Retired Marine Col. Jack Pozza, a Vietnam veteran who grew up not far from Green Bay, Wis., and now lives in Virginia, has a dilemma: He's a lifelong Green Bay Packers fan, yet he supports President Bush for re-election. Wherein lies the problem.
The Marine knows that there is a 100 percent correlation between the Washington Redskins win-loss record and the outcome of every presidential contest dating back to 1940. If the Redskins win their last home game prior to Election Day, the party in power stays in power. Conversely, if the Skins lose the game, the incumbent party is on the street.
In 2000 - Tennessee Titans 27, Redskins 21: Bush defeats Al Gore.
In 1996 - Redskins 31, Indianapolis Colts 16: Bill Clinton defeats Bob Dole.
In 1992 - New York Giants 24, Redskins 7: Clinton defeats George H.W. Bush.
In 1988 - Redskins 27, New Orleans Saints 24: Bush defeats Michael Dukakis.
Therefore, forget about the Electoral College, voting irregularities in Florida, and missing weapons in Iraq. The fate of the free world, says one observer, rides on the Redskins versus the Packers on Halloween night.
IT'S ANIMALS, STUPID
Harry Truman once said, "If you want a friend in Washington, get a dog."
It might behoove John Kerry, if he can rent a pasture, to get a cow.
"An interesting pattern emerged when we researched our book," says Peter Barnes, former Washington bureau chief of Hearst-Argyle Television, and last seen on CNBC. "We noticed that in the majority of cases in presidential contests from 1900 to 2000, the candidate with the most pets won the election."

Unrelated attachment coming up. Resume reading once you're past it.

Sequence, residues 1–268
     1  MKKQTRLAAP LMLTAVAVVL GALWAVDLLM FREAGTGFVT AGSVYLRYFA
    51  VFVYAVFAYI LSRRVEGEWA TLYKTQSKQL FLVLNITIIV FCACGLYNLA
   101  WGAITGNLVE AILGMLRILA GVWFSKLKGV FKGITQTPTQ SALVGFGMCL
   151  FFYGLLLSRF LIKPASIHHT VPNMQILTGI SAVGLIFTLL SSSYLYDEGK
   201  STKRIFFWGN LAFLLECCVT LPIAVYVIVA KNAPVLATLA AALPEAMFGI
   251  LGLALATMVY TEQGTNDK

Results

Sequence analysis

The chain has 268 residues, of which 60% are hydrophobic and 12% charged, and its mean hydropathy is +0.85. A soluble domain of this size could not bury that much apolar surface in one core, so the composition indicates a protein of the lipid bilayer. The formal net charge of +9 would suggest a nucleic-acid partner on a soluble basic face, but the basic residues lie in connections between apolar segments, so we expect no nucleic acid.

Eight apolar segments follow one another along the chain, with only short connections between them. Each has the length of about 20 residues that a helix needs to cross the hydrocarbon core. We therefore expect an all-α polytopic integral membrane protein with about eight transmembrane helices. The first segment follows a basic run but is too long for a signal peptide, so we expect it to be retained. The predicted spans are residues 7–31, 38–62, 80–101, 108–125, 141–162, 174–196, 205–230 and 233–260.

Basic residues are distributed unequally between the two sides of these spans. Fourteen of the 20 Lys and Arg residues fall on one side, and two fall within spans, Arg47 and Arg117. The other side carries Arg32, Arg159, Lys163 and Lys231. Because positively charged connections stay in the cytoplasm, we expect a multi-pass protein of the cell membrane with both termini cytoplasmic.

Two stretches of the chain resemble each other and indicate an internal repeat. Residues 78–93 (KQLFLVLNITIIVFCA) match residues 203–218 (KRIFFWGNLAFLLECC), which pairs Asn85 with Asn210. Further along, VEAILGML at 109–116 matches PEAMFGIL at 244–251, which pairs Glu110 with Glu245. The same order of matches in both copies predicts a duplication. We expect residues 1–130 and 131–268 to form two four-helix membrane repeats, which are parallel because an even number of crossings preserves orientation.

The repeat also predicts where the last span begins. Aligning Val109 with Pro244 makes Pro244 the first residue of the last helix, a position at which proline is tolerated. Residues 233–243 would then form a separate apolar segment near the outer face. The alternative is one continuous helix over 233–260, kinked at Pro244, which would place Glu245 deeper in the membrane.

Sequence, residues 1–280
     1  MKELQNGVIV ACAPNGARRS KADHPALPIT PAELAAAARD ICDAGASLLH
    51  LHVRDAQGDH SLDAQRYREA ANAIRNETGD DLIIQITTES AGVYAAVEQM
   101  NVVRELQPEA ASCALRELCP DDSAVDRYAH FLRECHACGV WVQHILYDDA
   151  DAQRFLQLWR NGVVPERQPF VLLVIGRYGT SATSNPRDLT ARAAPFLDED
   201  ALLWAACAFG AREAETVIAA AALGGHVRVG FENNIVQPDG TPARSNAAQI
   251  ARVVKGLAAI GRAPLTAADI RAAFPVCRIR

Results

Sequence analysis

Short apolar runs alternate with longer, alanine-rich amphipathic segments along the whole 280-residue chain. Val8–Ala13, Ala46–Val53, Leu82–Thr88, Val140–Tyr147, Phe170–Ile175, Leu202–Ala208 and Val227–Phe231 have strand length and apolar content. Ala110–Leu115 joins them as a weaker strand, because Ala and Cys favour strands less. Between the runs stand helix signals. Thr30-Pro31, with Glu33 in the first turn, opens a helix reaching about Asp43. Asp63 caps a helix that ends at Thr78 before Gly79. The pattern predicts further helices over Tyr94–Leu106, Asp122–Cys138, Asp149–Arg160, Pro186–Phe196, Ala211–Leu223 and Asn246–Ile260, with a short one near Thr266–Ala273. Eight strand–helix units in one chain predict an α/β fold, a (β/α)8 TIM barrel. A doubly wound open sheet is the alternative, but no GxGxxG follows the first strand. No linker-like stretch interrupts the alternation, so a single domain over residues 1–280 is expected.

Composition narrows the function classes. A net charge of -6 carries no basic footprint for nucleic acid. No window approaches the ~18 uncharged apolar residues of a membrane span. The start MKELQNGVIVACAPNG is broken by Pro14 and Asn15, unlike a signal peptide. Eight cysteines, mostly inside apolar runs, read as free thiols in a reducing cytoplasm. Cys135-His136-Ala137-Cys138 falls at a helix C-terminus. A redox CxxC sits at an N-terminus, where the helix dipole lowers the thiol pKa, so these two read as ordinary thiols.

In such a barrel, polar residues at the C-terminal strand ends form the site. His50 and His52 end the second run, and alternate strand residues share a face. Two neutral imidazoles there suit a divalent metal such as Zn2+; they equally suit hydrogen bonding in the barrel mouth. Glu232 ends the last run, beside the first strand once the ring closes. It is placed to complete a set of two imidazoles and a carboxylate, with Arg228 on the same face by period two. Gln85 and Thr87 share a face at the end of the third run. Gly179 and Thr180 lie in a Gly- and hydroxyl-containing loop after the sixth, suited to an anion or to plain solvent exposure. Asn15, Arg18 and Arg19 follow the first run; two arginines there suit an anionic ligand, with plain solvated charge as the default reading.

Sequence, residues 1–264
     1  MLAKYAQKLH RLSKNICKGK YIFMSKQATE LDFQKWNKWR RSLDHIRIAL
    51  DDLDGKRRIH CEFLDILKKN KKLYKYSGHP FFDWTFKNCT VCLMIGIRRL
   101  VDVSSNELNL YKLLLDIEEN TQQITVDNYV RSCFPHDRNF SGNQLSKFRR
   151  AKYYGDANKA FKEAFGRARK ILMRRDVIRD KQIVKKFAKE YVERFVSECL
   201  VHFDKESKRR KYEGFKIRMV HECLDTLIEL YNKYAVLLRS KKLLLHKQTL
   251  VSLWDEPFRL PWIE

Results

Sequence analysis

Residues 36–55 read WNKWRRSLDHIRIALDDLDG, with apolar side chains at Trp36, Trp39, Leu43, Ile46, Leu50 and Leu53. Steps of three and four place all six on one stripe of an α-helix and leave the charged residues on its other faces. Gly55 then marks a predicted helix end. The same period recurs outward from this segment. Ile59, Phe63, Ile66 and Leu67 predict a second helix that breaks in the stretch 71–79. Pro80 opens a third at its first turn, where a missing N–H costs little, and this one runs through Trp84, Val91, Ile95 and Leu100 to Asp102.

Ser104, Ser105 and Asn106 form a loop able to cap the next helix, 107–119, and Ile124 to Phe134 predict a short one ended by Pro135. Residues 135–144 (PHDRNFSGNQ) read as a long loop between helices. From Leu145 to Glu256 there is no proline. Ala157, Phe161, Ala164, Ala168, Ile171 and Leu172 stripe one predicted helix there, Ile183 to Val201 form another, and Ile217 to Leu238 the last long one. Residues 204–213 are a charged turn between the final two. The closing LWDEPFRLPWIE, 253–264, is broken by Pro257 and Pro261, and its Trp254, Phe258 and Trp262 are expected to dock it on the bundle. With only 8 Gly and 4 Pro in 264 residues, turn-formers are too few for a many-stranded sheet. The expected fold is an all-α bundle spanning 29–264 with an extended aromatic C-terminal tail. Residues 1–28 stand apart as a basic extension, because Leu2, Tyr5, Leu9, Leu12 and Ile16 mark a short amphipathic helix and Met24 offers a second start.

Barnes, also a Wall Street Journal veteran, and his wife, Cheryl, are accomplished children's book authors (she also illustrated the 2002 White House Children's Christmas Program). In researching their new book, "President Adams' Alligator and Other White House Pets," they discovered that Bush should easily win re-election simply because he has more pets than his opponent.
Bush has three pets: Barney, the irascible Scottish terrier; India, a cat; and Ofelia, a black-spotted longhorn cow that lives at the president's ranch in Texas. Kerry has two pets: a German shepherd named Cym and a yellow parakeet.
Consider that in 1904, Teddy Roosevelt had 34 pets while his opponent, Alton B. Parker, had one, a dog. In 1920, Warren G. Harding had four pets - two dogs and two birds - while his rival, James M. Cox, had one dog, Tom. In 1932, Herbert Hoover had 10 pets, but Franklin D. Roosevelt had 11 and ended up winning the White House.
John McCaslin is a contributing columnist on Townhall.com and author of Inside The Beltway: Offbeat Stories, Scoops, and Shenanigans from around the Nation's Capital .
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